The odd thing was, George, who only liked Hank Williams, Kitty Wells, Ernest Tubb and Porter Waggoner tunes, found himself whistling the opening theme to Shostakovich's Fifth symphony, and actually heard the magnificent lush orchestration in his head, noticing well the ironical touches to the music that Shostakovich hid in there. And he hadn't the faintest idea why. As he cut a swathe around the pantheonistic monolith, and mushrooms, weeds and tentacles of crabgrass which radiated from several central hubs of root like that of octopi, he stared blankly at the black strangeness of the object, now whistling the second movement of the Shostakovich.

The stars suddenly seemed to begin talking to him in celestial harmoniousness. Melodiousness, too. Steeped and dipped in secret atonalities more fitting for Schoenberg than Shostakovitch. Holst made a ceremonial clash of astrological forces...

The noise was suddenly interrupted by the ponderous tympani of Hoss's paws arriving with a torch so powerful, George mistook it for a spotlight, shafting the night sky for the Luftwaffe around the peak of St Paul's Cathedral that he had seen in picture books. Silence ensued, as the Mower cut out. The stars were dead still. The monolith glinted in the strobes of a sudden electrical fault that seemed to beset the heavy-duty torch.

"Thought I'd bring the biggest baby in the shed," wheezed Hoss.

"I've been cultivating my garden, as Voltaire once told me I should," said George. He demonstrated with his wheeling arm the bowling-green garden his yard had become, the torchlight spluttering as it crested the black dunes of its imputed greenness. The monolith glinted like a wondrous emblem of Truth Foretold. There was a music about its shape neither man would have noticed, given the brash patchwork of a Towbar dawn. No, you see, with night, embossed by mankind's golden stuttering effulgence, showing the monolith up in its best light, there was a visible music moving around it like a kaleidoscopic halo.

"Who's Volt-Air?" croaked a kettledrum toad masquerading as a plugless Hoss, or vice versa.

As in answer, the monolith lit up like a colour organ and whined with its ondes martenot of Messianic fervour.

"Gee, Hoss, this like a Second Coming. I wish my dear old wife could come back and see it all..."

The door slammed, despite the lack of wind in the now soundless electricity of the air.

Though there was no glass but instead punctured rusty screen, a beatific light penetrated through the porch, of myriad colours to reveal the image of a Byzantine stained glass portrait, piercing the moth-ridden humid air into the sky. Blazing forth like an incandescent kleig light, the image was that of George as an old man, very old, lying in a bed in a pure white room. Hoss began crawling around on all fours, grunting like a pliocene ape, his cranium becoming bracheocephalic in nature, that of a Neanderthal, pointed skull. George's half-breed son came out of the door, and it appeared that he had rearranged his Nintendo 64 Gameboy to that of cleverly bypassed and manipulated circuitry, and he was holding this entertainment apparatus, which was clearly not for entertainment anymore. For some inexplicable reason, the wire extension to the Joystick was now soldered to a perforation in his left temple, that of "jacking himself in" to the now much more sublime and complicated Nintendo apparatus.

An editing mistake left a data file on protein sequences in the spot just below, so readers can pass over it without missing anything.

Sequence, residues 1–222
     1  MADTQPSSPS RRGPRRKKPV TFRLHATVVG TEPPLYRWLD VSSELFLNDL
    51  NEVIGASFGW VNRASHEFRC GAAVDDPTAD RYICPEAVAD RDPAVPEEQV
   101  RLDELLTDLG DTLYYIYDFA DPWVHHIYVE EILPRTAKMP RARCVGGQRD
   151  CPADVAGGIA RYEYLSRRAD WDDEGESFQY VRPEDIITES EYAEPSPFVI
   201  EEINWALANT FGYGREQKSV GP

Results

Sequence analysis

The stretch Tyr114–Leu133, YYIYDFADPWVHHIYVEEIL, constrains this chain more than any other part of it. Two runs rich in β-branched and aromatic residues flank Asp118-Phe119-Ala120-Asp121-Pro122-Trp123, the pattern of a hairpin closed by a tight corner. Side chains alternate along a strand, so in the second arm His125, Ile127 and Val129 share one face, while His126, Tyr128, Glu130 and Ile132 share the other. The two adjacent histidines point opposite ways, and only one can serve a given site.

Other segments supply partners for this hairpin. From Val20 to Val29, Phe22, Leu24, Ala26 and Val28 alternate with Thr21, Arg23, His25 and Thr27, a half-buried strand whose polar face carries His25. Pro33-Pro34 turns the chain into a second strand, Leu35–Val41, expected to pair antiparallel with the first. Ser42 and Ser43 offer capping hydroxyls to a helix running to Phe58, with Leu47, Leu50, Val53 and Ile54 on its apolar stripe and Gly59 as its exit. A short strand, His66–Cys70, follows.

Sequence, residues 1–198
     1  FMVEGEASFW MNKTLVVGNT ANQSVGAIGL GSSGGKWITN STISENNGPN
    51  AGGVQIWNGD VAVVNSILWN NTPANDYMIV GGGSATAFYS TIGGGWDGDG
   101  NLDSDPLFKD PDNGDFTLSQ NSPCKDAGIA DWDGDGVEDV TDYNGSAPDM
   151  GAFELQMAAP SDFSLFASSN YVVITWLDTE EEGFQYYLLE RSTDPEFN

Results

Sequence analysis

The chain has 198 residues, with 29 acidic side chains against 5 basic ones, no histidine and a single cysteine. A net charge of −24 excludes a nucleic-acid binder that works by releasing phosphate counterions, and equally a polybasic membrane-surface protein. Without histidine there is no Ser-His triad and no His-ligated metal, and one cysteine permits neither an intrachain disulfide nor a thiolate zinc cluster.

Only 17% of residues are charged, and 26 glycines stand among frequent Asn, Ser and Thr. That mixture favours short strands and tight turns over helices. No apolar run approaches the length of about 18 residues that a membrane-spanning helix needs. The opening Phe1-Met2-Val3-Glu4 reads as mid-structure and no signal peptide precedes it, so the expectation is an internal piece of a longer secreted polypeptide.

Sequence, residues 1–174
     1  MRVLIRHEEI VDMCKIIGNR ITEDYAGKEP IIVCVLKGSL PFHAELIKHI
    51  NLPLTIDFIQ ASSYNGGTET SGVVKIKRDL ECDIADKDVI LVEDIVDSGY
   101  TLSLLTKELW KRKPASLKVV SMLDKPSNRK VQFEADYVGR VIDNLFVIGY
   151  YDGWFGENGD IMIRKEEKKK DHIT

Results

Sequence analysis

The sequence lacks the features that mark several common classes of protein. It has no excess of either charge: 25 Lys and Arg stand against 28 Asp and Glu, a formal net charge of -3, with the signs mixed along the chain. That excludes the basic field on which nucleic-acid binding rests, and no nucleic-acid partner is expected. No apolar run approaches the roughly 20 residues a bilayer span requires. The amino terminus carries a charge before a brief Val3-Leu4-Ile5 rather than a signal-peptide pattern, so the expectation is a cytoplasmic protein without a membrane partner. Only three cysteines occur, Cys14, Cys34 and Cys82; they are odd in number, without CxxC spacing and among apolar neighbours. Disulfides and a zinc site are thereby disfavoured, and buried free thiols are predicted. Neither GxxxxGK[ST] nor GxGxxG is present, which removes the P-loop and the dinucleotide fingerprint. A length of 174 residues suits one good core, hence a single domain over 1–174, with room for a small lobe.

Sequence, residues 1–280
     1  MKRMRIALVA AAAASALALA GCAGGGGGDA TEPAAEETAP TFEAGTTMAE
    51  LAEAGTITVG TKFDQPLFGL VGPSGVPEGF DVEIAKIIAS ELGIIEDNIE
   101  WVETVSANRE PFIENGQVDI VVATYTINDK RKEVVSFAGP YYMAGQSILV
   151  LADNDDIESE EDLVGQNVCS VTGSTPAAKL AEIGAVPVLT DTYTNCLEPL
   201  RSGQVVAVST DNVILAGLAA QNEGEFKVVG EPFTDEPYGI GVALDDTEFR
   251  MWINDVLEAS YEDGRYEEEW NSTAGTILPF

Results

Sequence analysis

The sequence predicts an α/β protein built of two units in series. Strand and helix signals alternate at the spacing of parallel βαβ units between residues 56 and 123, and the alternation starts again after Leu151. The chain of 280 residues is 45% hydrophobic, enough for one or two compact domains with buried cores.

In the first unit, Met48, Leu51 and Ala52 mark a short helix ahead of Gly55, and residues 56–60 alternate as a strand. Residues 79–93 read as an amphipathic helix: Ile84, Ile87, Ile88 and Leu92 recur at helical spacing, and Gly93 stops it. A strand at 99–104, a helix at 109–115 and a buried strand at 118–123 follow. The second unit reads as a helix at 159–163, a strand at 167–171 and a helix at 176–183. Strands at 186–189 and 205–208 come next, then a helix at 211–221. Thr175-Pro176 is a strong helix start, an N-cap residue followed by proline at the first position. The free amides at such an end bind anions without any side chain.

Hoss climbed the pecan tree, scuttling up its branches in a very economical and easy manner, grunting the whole way, the lycanthropic fur patches now visible through his workshirt, which now was in tatters due to his morphism. George stared into eyes of his son, and they melded into one symbiotic blend. The monolith beamed like a popsicle of pure evangelical white light, humming unknown microbytes of mathematical symbols unknown to the race of Man. Knee music. Torch music. The song went on.

George said, "Son, did you send the signal?"

Son or Song, he wasn't sure which. But the boy, his temple bearing wiring, replied, "The signal is going to the stars."

Hoss had regressed to that of a sort of pliocene or equine ape, oblivious now to the transcendence of George.

George woke up in a white room, one hundred and ninety years old.

The monolith grew as silent as the old Dodge Dart in George's backyard.

George blinked.

When he opened his eyes, he was sucking his thumb. The blue-green globe of Earth lay beneath the placenta-sac which contained him. George was a star-foetus.

Anarchy was his watchword. Or his curse. He tried to clamber back - through the nettles and crabgrass - to some semblance of reality whence he could take an overview. Towbar township floated in some aetheric miasma of religious half-growth - cults and cuirasses covering its crystalline chest. And the monolith rose from between his loins, playing such glassy music - unheard, even in the circular arguments of a minimal millennium. It became, eventually, a choral Requiem with an infinite number of deaths at its heart. His afforested garden-centre had given birth to a stiff gravity.

"Oi! Oi! Cuckold!" shouted Hoss, as he gallopped away on heavy hooves, towards the Rose Garden. Hoss himself, after all, was no more than a centaur, one with a cockadillo coxcomb.

George tried to shave his chin, this time, with the Sears. But then his dear dear wife emerged from anarchy and made his monolith stereo.

(Only the Bartok joke from Shostakovitch's Leningrad Symphony played out towards the playful end of time, where a better future waited, if not for George certainly for those he loved.).

Previously unpublished

Posted by weirdtongue at 3:13 PM EDT
Post Comment | Permalink

View Latest Entries